UK manufacturers have shrugged off big input price increases to start 2017 in fine form, while activity in the Eurozone has reached its highest point since a debt crisis almost brought the continent’s economy to its knees, according to closely watched indicators.
Growth in the sector’s output reached its highest point since May 2014 as the overall purchasing managers’ index (PMI) recorded its sixth straight month of growth in the UK’s manufacturing sector.
The UK’s manufacturing PMI dipped slightly to 55.9 in January, according to data providers IHS Markit, only slightly down from a 2.5-year high in December. Any measure above 50 indicates an expansion in activity in the manufacturing sector.
The healthy expansion came despite a record increase in input prices, as inflationary pressure continues to build following the devaluation of sterling since the vote to leave the EU.
Domestic orders were a source of strength for the UK’s manufacturers, with some signs of an upward movement in exports.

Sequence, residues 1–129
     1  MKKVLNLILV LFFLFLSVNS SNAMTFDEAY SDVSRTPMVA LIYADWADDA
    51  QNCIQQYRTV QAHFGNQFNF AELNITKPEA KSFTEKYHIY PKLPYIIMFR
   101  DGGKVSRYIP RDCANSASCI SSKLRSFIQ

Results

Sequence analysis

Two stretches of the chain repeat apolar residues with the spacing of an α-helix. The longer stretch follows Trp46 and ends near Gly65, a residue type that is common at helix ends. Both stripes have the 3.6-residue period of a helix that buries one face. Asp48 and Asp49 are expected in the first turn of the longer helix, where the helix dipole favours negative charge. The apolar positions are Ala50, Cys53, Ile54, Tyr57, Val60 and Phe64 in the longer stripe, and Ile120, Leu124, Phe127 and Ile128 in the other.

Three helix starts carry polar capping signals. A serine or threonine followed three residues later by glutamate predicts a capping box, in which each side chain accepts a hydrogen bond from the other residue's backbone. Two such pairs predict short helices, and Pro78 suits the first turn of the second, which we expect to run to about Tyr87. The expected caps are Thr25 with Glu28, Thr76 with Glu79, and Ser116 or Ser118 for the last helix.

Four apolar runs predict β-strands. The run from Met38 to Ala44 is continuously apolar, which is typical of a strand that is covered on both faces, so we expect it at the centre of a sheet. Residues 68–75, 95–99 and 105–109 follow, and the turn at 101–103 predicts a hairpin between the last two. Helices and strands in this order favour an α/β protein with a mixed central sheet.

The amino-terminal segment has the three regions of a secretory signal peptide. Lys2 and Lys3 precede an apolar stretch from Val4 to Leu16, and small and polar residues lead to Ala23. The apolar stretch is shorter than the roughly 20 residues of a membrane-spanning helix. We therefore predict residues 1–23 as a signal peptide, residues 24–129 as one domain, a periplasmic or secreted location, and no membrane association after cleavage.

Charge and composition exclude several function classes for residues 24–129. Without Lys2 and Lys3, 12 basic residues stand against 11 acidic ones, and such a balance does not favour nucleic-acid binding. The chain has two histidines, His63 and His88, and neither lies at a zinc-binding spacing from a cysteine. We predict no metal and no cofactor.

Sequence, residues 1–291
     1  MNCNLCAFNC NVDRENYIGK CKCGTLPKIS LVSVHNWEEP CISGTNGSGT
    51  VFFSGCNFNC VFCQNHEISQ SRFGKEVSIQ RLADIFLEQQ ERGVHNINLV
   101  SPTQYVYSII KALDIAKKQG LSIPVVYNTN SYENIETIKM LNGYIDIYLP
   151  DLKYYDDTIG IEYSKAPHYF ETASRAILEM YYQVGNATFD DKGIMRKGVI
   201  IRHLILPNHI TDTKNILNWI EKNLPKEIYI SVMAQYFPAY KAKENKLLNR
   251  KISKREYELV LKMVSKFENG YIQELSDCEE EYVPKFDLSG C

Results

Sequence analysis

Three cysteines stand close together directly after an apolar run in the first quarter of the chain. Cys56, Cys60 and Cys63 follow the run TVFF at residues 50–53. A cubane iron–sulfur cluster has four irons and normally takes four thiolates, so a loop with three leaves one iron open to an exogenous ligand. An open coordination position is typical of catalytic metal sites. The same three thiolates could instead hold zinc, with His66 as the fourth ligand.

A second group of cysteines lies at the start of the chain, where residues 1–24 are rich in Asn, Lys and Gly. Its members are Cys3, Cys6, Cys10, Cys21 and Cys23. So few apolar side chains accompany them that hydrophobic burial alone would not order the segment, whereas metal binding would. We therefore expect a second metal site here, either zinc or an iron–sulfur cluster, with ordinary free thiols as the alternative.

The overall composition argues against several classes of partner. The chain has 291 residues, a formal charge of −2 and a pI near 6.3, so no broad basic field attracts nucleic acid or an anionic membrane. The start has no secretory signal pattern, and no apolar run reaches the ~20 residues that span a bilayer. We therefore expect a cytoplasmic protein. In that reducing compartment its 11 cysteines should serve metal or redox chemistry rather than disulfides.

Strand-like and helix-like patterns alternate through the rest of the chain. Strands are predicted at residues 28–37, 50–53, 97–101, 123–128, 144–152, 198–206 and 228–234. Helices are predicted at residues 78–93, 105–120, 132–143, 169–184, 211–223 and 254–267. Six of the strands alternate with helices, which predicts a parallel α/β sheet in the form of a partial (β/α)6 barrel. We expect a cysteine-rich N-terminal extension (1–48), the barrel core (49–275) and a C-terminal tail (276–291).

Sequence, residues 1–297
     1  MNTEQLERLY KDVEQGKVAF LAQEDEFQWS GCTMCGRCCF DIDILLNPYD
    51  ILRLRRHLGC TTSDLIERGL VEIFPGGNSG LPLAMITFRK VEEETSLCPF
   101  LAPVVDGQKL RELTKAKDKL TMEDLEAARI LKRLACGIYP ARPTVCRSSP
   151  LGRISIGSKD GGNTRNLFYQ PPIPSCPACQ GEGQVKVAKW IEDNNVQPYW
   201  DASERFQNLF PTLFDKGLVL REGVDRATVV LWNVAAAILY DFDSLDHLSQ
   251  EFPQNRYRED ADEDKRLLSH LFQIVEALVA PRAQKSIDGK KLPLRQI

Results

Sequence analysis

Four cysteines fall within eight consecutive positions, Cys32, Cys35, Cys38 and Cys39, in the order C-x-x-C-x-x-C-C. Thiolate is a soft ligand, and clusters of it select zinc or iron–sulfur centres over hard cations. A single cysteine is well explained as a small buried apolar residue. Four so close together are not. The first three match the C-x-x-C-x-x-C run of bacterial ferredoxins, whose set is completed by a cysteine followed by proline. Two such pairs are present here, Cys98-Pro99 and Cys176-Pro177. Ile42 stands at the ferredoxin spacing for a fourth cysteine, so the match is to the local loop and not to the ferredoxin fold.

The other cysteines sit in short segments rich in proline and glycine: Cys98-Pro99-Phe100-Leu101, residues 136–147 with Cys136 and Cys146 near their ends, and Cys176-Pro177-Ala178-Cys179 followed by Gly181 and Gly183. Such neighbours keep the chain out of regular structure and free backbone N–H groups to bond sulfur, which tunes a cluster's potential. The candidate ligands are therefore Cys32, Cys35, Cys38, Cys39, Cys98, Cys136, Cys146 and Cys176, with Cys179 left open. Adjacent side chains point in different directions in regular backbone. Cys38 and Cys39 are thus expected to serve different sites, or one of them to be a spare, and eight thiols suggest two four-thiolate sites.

Mike Rigby, head of manufacturing at Barclays said: “Although the growing prospect of inflationary pressure looms large and the impact of Brexit continues to cause much uncertainty, it is encouraging to see that the manufacturing sector is just getting on with business as usual.”
Meanwhile, Eurozone manufacturing PMI was revised up to 55.2, continuing a streak of expansion in the sector that has run unbroken since July 2013.
A growth in new business not seen since the first half of 2011, before the Eurozone debt crisis began to bite, helped sustain recent output highs, while job creation continued to move higher.
Austria, the Netherlands, and Germany were the main drivers of expansion. The latter, the largest economy in Europe, saw its manufacturing sector rise to a three-year high.
Meanwhile expansion in France’s manufacturing sector rose to a 68-month high, despite a looming election.
Chris Williamson, chief business economist at IHS Markit, said: “Optimism about the year ahead has risen to the highest since the region’s debt crisis, suggesting companies are maintaining a buoyant mood despite the heightened political uncertainty caused by Brexit and looming general elections in the Netherlands, France and Germany.”